THE DELAY in opening Shetland’s £12.1 million cinema and music venue Mareel is creating headaches as dozens of events planned for the summer have to be cancelled or re-scheduled.
Earlier this week Shetland Arts announced that the cultural hub would not be ready before July despite earlier assurances that it would open on 24 May.
Among the victims of the delay are Shetland’s first jazz festival, concerts planned by local promoter Davie Gardner and a midsummer festival, as well as many of Shetland Arts own events.
However Shetland Arts has rejected the charge that promoters were not being kept “in the loop”, saying they had shared information as quickly as possible.
Jeff Merrifield, of Shetland Jazz Club, said he spent the whole of Up Helly Aa night looking for alternative venues for his jazz festival as he made the rounds through the Lerwick halls.
“We had assurances from Shetland Arts all the time, and I now feel absolutely let down,” he said.
“I now have to find a venue for 350 to 400 people to put on the Scottish National Jazz Orchestra. We will now spread the event round the islands, and have already fixed a gig at Busta House.”
Music agent Davie Gardner added that the lack of any “clear programming strategy” by Shetland Arts made his life as a promoter extremely difficult.
“I need to know what their programme is going to be, because we cannot afford to conflict. If I take the risk with one big gig, and that fails because something else is happening in Mareel, I could go out of business.
“It is very difficult to go to stakeholder meetings now, asking these questions and not really getting any answers.”
Local businessman Malcolm Younger said it was “very unfortunate” that the four day midsummer festival he had planned at Mareel had to be cancelled.
The annual carnival will still take place, he said, but the family event afterwards will have to be relocated to the Clickimin Leisure Complex.
Shetland Arts director Gwilym Gibbons said their own Hansel of Film event, scheduled to coincide with the arrival of the Olympic Torch in Shetland on 10 June, would now take place in the Garrison Theatre.
The arts agency is also making alternative arrangements for its annual book and film festivals in early September, in case there are further hold ups with the North Ness building.
Insisting they had not kept people in the dark, he said: “We got the confirmation of a further delay on the 25 January, and we took only three days to consider that information. We then told people on the Monday, I think we responded as quickly as we could to the information that we were receiving.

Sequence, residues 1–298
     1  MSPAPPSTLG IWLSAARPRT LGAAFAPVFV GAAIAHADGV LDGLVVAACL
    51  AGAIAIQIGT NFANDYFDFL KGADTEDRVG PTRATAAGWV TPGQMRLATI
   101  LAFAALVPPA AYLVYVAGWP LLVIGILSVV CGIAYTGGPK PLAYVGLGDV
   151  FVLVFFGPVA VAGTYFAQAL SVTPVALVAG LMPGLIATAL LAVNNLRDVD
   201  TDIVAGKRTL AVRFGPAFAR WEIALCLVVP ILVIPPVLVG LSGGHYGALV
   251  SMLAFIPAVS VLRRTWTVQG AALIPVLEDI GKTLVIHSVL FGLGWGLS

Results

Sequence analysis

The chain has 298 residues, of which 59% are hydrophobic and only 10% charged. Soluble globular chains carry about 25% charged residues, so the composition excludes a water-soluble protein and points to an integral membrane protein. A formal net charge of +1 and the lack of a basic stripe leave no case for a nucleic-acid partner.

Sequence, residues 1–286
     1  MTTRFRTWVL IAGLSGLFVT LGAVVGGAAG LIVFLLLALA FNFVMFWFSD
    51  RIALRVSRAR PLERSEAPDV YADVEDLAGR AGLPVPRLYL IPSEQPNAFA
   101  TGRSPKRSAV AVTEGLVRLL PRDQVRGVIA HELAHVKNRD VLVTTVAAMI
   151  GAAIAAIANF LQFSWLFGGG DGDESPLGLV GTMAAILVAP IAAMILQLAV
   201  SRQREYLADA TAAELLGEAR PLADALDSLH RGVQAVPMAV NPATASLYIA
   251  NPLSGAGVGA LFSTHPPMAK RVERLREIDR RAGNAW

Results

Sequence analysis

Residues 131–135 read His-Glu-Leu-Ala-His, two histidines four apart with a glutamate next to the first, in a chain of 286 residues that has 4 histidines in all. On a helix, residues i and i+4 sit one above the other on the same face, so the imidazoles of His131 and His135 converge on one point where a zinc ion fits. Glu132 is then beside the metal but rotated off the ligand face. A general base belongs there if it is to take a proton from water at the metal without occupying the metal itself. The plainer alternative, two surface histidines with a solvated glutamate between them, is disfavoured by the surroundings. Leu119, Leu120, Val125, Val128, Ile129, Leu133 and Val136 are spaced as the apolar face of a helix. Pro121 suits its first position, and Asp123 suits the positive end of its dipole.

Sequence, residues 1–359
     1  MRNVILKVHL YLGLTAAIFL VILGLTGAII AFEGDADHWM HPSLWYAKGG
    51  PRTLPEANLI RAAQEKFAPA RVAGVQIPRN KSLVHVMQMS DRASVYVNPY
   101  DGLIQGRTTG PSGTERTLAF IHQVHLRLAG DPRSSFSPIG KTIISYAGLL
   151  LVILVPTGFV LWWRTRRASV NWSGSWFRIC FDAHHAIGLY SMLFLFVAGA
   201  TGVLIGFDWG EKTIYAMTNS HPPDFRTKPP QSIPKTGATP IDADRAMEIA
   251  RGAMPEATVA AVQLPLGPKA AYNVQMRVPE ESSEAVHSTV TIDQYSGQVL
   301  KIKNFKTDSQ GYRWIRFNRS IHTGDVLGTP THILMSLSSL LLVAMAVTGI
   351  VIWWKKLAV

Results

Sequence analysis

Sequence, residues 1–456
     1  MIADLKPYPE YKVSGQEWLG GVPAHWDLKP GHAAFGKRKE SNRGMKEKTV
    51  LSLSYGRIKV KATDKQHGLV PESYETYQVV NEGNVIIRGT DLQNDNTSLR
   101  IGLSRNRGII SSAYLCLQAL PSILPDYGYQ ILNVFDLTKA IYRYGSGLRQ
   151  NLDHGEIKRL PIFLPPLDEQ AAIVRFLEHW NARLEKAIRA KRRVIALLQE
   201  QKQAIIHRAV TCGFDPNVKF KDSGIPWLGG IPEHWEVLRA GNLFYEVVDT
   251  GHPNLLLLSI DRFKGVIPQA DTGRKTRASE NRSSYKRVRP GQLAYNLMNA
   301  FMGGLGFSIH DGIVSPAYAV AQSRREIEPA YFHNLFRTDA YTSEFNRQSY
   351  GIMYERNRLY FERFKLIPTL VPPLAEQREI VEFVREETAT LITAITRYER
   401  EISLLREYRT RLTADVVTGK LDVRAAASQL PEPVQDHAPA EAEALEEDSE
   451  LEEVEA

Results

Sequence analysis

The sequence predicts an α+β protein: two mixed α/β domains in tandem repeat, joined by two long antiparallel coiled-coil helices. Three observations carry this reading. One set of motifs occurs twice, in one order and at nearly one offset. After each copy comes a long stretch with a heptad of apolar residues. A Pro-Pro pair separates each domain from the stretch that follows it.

“Just like them, we are having to rearrange events, having to postpone and to cancel events.”
Mr Gibbons said Shetland Arts had years of experience putting on shows and festivals throughout Shetland.
“We are actively programming by working with a number of people, including external promoters and programmers. There is no specific programme manager in place, but many places don’t have programme managers, and we don’t have any concerns about that.”
He added that his team was working hard to minimise the potential loss in earnings due to the latest delay.
Shetland Arts has already appointed a customer service and box office manager, as well as a bar and catering manager in the expectation of a May opening.
“The potential loss is a concern along with all the other things the delay generates, but it is not a significant financial cost.
“Part of the reason why we made the difficult decision and said very publicly that we were not going to open before we were confident about the completion of the building, is that we didn’t want to take the risk of financial loss, and didn’t want to mess around independent promoters, or our audiences.
“People need to get excited about the Mareel opening, and not have a number of false starts,” Mr Gibbons said.
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